I believe that the current generation has an opportunity to redefine its mission by using the hard-won victories of all our mothers. Now, 64 years after that historic march and as we face COVID-19 and its far-reaching impacts, the programmes and aspirations for women’s equality are being shaken to their core as we see the unfair burden that the pandemic is placing on women’s health, social and economic well-being. COVID-19 has unveiled and amplified the fault lines of inequality across our society. So, just as we inherited our struggle from the giants of women’s rights activism before us to call for political freedom and emancipation, a younger generation of women – in South Africa, Africa and beyond – has to respond to a different struggle: against the COVID-19 health pandemic and the pandemic of gender inequality.
At the time of the Women’s March, I was 19 years old and part of the youth in our struggle. However, we soon understood the power and value of intergenerational alliances in pursuing and defending our mission for political inclusion, and against the oppression of race, class and gender. Our mobilisation strategies were devoid of the technological advances now at the disposal of the younger generation of women to cultivate ever more meaningful partnerships. It is my hope that the present generation will not merely maintain the gains; despite the challenge, this generation has an obligation to quantumly advance the struggle for women’s rights.
I am honoured that my generation’s efforts were not in vain. I felt a lump in my throat on 9 August 1956 when I looked at that large army of women: dignified women, courageous women – and I continue to be humbled to have been part of such bravery. When I look at the gains in South Africa, I am proud of the progress we women have made. However, I am very aware that much more is needed.
Just as we inherited our struggle from the giants of women’s rights activism before us to call for political freedom and emancipation, a younger generation of women has to respond to a different struggle: against the COVID-19 health pandemic and the pandemic of gender inequality – Sophia de BruynTweet
South Africa’s Constitution sets out gender equality as a founding principle and, in 2013, the South African government passed the Women Empowerment and Gender Equality Bill, which calls for 50% representation in decision-making positions. In 2019, the government saw the highest representation of women in parliament (46%), as well as the highest representation of women Members of the Provincial Legislature (MPLs) (46%). Also in 2019, the country’s Cabinet had a 50% balance in terms of representation between men and women for the first time.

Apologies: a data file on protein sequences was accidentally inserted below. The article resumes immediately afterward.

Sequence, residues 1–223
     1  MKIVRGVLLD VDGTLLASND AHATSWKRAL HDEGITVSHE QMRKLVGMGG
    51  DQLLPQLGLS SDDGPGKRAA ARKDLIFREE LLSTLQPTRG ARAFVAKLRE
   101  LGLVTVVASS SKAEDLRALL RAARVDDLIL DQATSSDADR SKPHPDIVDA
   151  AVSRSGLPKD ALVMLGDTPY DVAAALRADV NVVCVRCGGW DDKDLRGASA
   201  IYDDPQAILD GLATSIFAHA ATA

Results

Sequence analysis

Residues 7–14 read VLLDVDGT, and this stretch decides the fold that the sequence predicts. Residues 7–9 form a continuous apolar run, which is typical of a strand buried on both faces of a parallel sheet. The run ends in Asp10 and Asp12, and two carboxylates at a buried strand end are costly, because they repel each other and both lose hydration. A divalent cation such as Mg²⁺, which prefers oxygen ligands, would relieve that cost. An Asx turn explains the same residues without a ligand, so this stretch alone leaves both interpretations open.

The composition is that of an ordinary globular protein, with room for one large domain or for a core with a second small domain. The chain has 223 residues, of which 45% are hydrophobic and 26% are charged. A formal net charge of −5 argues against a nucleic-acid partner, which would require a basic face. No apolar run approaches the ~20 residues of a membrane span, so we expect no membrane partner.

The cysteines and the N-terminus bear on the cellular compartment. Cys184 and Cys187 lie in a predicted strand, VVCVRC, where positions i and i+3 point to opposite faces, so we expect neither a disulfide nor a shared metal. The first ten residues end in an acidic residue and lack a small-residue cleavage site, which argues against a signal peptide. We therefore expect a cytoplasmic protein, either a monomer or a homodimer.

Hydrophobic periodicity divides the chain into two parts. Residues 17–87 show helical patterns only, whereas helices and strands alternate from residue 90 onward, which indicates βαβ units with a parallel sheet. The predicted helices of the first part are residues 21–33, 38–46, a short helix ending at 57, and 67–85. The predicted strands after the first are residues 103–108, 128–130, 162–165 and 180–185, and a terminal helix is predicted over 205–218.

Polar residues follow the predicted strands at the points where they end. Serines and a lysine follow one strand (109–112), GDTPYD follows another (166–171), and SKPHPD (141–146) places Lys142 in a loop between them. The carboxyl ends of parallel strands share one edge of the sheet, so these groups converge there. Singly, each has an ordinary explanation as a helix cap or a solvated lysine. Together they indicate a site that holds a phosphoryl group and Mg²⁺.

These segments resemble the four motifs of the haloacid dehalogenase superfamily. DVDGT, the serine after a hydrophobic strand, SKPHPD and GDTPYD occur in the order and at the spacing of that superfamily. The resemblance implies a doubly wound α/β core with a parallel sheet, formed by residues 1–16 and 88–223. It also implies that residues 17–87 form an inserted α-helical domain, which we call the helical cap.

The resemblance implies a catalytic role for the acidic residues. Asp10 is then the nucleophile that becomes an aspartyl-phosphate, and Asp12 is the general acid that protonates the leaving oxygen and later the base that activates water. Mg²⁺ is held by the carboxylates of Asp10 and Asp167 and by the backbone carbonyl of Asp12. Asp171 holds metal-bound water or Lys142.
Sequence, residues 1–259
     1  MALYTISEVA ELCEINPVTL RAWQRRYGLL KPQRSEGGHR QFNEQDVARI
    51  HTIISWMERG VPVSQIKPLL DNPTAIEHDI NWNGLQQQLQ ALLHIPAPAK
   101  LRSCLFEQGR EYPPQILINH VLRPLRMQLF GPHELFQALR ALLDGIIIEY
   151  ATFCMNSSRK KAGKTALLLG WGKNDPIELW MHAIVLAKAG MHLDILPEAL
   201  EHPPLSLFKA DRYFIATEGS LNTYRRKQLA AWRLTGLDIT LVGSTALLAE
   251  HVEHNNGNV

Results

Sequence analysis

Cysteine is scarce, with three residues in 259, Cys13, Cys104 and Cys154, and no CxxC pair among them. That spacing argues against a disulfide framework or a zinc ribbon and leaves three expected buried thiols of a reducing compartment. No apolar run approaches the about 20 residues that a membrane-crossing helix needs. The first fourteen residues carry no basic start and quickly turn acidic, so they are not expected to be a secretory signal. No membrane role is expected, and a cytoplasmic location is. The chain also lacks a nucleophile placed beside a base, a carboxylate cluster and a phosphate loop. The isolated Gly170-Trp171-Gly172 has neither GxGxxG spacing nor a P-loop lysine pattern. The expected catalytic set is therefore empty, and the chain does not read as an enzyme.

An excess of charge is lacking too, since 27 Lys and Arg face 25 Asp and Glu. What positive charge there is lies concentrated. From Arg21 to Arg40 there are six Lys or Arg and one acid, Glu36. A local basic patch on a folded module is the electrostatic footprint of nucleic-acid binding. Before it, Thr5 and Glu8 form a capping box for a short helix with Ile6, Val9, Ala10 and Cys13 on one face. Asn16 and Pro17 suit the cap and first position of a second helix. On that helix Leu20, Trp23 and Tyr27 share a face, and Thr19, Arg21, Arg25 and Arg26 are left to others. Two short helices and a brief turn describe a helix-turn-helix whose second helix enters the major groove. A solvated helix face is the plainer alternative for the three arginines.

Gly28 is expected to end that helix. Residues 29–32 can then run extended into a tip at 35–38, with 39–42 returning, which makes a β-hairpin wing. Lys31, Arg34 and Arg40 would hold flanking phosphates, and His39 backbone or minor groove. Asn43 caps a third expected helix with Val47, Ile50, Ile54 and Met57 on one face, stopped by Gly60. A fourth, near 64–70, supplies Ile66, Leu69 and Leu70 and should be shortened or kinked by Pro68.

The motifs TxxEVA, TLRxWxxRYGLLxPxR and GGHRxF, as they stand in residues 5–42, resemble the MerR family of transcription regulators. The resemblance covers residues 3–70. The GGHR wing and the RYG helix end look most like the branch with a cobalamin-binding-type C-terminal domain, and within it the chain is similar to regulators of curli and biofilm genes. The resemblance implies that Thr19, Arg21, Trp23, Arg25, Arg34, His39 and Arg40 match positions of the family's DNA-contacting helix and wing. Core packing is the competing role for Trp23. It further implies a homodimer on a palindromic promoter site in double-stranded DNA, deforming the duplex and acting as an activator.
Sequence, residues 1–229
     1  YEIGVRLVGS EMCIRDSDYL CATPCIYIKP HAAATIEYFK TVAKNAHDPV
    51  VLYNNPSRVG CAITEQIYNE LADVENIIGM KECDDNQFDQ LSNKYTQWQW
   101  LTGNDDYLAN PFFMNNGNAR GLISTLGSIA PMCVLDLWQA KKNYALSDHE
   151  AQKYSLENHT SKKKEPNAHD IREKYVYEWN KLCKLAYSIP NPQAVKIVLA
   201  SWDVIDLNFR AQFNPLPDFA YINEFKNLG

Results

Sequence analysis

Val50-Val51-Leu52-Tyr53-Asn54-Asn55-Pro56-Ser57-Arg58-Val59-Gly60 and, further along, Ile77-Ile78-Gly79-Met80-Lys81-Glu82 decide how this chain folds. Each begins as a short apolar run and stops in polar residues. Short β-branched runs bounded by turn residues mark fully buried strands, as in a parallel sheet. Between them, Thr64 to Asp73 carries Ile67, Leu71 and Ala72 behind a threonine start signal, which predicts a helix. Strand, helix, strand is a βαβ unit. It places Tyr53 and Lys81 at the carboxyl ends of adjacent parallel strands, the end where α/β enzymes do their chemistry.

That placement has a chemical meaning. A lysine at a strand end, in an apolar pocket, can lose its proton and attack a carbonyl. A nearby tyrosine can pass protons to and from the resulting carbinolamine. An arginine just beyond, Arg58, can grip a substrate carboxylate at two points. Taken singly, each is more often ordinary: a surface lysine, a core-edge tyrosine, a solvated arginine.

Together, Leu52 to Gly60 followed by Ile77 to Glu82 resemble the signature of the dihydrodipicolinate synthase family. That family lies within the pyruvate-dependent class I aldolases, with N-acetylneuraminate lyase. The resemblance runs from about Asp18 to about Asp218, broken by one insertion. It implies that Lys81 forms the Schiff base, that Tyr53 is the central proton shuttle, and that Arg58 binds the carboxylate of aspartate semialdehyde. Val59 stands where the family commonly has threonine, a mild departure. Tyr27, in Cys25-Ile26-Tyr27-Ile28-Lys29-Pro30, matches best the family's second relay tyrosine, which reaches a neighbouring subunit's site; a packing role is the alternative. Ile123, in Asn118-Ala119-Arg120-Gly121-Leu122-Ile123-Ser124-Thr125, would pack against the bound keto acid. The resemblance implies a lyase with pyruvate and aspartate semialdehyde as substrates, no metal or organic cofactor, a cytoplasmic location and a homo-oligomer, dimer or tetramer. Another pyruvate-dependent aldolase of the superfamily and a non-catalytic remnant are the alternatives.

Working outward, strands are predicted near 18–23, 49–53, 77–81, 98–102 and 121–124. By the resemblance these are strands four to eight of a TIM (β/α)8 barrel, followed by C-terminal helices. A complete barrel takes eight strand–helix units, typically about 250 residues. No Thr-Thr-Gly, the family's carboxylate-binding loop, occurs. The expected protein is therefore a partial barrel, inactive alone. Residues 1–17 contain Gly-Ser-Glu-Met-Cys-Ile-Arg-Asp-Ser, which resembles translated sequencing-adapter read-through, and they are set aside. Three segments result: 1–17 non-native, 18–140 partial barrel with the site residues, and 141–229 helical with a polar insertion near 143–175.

In the context of COVID-19, I have been saddened to see the high levels of domestic and gender-based violence – some of the unintended consequences of the preventive measures put in place by governments across the world to flatten the curve of infections. This is my message of solidarity, and I urge the current generation of women to be resolute about our new struggles and to protect the gains made by the generations that preceded mine, as well as the advances my generation made. I have often said, “The younger generation needs to pick up where the older generation has left off.” Therefore, younger women are encouraged to pick up the baton to lead today’s challenges. They must learn from my generation’s efforts and that of the generations before mine. But in saying this, I believe that the baton which today’s generation of women need to take forward is that of economic emancipation. Economic emancipation will futureproof our gains in gender equality, political participation and lives free from violence, and must be at the centre of efforts to shape the future generation of women leaders and activists.
I believe that the COVID-19 pandemic has laid bare women’s vulnerabilities in times of crisis, and our failure to achieve and advance economic emancipation is at the centre of some of the pushback we are seeing. This is especially true for women working as domestic workers and in the informal sector. In South Africa, for example, women make up 68% of street vendors or informal traders, but due to the COVID-19 pandemic, they have been unable to work and have been left without any financial support. Without economic freedom, women will continue to be vulnerable to exploitation, abuse and inequality.
Today, as I reflect on the momentous 9 August 1956 march to the Union Buildings in South Africa, I know that our generation made an indelible contribution to women’s political inclusion and women’s rights. What will today’s generation claim? The baton has been passed on…
Sophia Theresa Williams-De Bruyn is a veteran anti-apartheid activist who was one of the organizers and leaders of the 1958 South African Women’s March to the Union Buildings. She is a former Member of Parliament (MP), and a Former Commissioner of Gender Equality in the Gauteng Provincial Legislature.